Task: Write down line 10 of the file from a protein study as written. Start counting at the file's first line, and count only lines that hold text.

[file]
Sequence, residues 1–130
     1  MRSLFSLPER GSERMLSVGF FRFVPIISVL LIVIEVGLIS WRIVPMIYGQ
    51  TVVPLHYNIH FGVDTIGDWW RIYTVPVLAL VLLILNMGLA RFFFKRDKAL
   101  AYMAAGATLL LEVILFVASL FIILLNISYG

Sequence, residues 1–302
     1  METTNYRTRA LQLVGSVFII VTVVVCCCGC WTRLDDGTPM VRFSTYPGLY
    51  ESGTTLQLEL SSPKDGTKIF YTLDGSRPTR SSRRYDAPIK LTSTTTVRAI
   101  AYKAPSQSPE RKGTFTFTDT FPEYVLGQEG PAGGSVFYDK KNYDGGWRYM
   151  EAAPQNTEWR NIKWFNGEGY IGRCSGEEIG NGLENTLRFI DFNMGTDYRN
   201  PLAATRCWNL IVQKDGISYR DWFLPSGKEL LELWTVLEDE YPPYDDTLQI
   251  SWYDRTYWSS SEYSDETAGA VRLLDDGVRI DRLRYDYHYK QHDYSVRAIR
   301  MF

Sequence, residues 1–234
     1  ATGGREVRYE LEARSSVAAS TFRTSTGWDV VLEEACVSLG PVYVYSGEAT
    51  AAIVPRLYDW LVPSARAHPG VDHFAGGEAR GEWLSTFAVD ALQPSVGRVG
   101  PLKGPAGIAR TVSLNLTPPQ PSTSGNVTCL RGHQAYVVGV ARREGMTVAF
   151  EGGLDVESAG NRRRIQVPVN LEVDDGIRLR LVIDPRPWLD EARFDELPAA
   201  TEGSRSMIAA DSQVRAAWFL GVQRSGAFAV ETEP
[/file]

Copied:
   201  PLAATRCWNL IVQKDGISYR DWFLPSGKEL LELWTVLEDE YPPYDDTLQI